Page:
I love business referrals. I’ve started and grown my business based on this very method, and I’ve shouted their virtues from the rooftops. I’m always thinking of people I can introduce to each other, and I gladly accept all referrals sent my way.
So recently, when I was referred a client by a highly admired industry leader, my ego shoved its way to the front of the queue, pushing back my loyal friends Sense and Reason.
But this match turned out to be doomed. The relationship ended in tears, a shortfall in my pocket and a few sleepless nights. My forever running late friend, Hindsight, chides me that I should have listened to that persistent little voice in the back of my mind.
But I didn’t. Because I was scared of saying no in the first place, I had now placed my reputation on the line.
Then, not a week later, someone I’d waxed lyrical about failed to show up to a meeting I’d suggested with a colleague of mine. I didn’t just feel embarrassed – I also felt responsible for his slackness. And again, I felt my reputation was damaged.
So I vowed to do everything possible to prevent business referrals from going wrong in the first place.
Business referrals will still go wrong though. Every situation will be unique and must be addressed individually, but the following steps are a guide to help you manage this delicate situation next time it happens to you.
Whether it be for mistakes you’ve made or for the situation itself, an acknowledgement that things have progressed in a less than ideal fashion is the beginning.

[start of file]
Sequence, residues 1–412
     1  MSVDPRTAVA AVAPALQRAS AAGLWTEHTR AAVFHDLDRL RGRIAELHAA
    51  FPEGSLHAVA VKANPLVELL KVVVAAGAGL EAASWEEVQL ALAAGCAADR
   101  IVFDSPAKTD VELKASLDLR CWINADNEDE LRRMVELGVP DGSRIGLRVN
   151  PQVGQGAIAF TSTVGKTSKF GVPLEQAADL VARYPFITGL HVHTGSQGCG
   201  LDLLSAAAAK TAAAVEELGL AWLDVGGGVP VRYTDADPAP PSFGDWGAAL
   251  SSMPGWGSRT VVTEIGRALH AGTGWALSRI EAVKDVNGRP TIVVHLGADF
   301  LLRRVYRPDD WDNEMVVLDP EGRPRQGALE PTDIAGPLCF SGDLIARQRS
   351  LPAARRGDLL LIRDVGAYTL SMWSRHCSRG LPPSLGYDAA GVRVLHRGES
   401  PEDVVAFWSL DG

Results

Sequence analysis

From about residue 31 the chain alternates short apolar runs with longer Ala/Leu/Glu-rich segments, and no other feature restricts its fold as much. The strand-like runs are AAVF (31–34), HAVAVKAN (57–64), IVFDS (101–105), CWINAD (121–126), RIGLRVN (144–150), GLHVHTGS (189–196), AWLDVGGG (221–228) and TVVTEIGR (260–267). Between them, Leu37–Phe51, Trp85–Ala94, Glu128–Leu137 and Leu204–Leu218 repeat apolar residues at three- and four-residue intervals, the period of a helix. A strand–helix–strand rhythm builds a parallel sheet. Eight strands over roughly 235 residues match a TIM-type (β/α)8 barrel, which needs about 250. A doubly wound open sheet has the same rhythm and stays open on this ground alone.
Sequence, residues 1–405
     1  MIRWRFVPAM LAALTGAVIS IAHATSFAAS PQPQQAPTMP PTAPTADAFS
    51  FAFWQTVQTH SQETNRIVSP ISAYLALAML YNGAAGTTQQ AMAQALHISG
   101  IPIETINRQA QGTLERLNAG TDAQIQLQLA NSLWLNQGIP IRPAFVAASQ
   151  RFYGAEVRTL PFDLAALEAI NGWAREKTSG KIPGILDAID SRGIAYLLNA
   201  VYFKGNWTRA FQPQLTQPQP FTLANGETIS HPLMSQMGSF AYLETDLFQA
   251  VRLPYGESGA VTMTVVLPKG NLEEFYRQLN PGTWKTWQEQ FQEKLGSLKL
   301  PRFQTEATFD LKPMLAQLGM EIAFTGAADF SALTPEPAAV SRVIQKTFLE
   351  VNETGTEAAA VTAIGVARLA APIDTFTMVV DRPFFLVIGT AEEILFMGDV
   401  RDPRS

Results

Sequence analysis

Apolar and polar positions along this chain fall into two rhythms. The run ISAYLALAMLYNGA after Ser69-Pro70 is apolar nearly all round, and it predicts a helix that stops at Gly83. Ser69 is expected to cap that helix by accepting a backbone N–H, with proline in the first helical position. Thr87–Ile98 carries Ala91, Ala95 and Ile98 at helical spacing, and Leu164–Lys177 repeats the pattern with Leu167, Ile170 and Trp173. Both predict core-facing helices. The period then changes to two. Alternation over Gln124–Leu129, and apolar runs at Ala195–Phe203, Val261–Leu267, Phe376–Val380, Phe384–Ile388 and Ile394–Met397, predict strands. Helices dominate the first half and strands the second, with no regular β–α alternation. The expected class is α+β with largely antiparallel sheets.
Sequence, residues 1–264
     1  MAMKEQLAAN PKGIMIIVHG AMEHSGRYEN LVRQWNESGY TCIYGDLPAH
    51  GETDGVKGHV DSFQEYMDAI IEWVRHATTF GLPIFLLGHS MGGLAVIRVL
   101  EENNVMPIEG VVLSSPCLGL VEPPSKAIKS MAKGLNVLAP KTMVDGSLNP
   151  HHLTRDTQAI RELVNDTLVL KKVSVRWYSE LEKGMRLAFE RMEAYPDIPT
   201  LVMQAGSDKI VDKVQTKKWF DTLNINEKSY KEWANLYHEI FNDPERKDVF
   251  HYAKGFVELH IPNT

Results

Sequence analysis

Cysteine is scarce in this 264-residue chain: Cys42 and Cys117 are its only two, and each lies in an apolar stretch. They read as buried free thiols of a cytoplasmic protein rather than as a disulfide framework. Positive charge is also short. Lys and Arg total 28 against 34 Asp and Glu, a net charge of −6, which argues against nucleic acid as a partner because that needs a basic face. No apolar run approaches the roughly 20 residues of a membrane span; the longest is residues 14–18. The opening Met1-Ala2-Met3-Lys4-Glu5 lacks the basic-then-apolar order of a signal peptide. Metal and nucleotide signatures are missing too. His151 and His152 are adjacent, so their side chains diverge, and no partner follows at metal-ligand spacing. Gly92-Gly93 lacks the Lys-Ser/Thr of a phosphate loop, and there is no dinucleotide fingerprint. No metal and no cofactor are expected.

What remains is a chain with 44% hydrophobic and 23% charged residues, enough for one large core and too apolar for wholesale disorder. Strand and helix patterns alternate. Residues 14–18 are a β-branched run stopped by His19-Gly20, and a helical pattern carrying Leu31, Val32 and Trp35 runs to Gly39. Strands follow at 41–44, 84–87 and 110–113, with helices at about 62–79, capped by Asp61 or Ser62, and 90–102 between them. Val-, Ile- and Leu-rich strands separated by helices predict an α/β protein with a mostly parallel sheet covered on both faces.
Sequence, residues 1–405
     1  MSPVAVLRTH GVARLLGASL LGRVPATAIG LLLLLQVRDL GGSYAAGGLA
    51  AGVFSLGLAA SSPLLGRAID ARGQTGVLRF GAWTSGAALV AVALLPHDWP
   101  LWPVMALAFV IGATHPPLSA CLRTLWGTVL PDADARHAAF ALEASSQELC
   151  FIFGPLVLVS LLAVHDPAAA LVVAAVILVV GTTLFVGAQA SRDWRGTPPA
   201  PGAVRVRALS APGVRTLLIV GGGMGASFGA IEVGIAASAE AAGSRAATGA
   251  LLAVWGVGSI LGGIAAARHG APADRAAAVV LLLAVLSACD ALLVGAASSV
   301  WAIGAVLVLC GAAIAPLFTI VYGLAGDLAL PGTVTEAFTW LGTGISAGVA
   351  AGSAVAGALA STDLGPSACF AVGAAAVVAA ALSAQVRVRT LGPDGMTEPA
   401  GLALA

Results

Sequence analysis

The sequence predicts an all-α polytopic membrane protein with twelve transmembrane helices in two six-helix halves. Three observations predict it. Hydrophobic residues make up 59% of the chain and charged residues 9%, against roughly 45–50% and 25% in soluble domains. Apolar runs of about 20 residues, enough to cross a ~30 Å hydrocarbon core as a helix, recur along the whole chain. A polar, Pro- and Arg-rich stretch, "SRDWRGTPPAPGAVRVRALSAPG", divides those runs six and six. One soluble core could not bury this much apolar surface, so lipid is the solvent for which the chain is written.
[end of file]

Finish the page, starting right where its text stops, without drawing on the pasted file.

If you’re worried about admitting to your mistakes, be more worried about the ramifications if you don’t. Done well, an apology may also elicit something unexpected: an upset client turned raving fan.
From a full refund to a hand-written note, compensating your client should be up for careful consideration.
But do be careful in matching the level of compensation to the severity of the situation. A mismatch can be as insulting as the crime committed.
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If the situation has been resolved and you’re both happy to continue your relationship, then leave the situation in the past. Don’t bring it up again. Don’t use it as ammunition. A bit like marriage, really.
If you can’t move forward without looking back, then you need to ask yourself whether this client relationship is for you.
Don’t bad mouth the other party
This is a tricky one. If a client or supplier has been unscrupulous, they don’t deserve to be protected. Expose away. But there’s a time and place to do so – and it’s certainly not to your clients.
There’s a big difference between exposing with dignity (and without emotion) and bitching.
Keep in mind that your clients might just be wondering what it is you say about them behind their backs.
Communicate with the person who sent you the business referral
How do you bring the topic up tactfully with the person who thought they were doing you a favour by sending you this referral without looking like you’re pointing the finger at them?
If you don’t bring the situation up, are you jeopardising your relationship with them (along with any future referrals)? Is your reluctance to be upfront inadvertently implying that you are the guilty party in the whole sorry mess?
And if you are the one at fault, how do you explain your actions and salvage your relationship with the referrer?
I’m still working on the best way to address this awkward situation. What I do know is it’s a tough call.
This can be the most difficult – yet crucial – step in the process. Recognise that things could have been handled differently, take note of how, and then forget about the situation.
If you don’t, not only will your business suffer, your health could to. Through my angst, I suffered from a heart condition for several months, even though I was only 28 years old.
Life happens, I’m learning!
So how have you handled business referrals gone wrong? Did you manage to salvage your relationship? We’re all ears.